Concerning queuing, well, I can tell you that this has saved quite a number of medium to large sites. Yes connections can sometimes pile up. But better accept them, parse them, reject wrong ones and get the good ones ready to be served than simply drop the SYNs and wait for the client to resend them 3 seconds later. Also, it is quite possible that your site has a very predictible load. But gaming sites, sports sites, online newspapers, stock exchange, etc… are extremely unpredictable and need to be prepared for 4-10 times the load without failing, even if some requests get slightly delayed. And quite honnestly, it’s very rare that the queue delay is counted in seconds. This happens when something breaks behind. But even there, having the ability to automatically flush requests out of the queue is nice.

    Concerning QoS, well, it also depends on your usages. Gaming sites like to reserve resources for paying customers. Other sites with many external partners will prefer to prioritize some requests vs some others to the same partner so that if they become bandwidth-limited, the most important objects are fetched first. But doing that really does not cost much. It’s just a switching rule between two queues. You may drom from 15000 connections per second to 14980 maybe, this is not particularly noticeable.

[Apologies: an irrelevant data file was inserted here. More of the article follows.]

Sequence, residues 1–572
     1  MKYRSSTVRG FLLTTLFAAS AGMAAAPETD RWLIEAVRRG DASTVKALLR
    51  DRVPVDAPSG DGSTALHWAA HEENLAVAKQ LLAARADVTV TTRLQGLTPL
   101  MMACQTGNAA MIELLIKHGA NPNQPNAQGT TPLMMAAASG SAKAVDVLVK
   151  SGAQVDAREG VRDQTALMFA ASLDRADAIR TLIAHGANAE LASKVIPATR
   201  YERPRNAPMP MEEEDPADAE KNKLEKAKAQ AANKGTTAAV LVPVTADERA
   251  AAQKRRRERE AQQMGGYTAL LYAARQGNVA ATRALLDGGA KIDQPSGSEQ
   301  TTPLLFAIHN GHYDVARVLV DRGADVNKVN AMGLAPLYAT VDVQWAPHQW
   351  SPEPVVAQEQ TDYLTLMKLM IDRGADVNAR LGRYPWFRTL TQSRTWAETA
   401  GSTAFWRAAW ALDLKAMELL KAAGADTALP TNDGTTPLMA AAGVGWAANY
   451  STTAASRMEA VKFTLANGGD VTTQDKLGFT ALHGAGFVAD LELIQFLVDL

Concerning the logs, I don’t agree with you. The web servers will tell what they do, not how it’s perceived. The front LB will see how it’s perceived and will be able to quickly tell you that server XX has higher response times than others or fails to accept a connection 1/1000th of the times, etc… This is very valuable information when people start to complain about performance issues, and it’s even better when you can compare what the LB sees with what the server says. Most often, the difference is in (too short) system queues on the server itself (small TCP backlog, etc…) that can’t even be detected by the server software because the information is dropped before reaching it. That’s also the only place you can detect the famous 3-second stairs indicating some packet loss.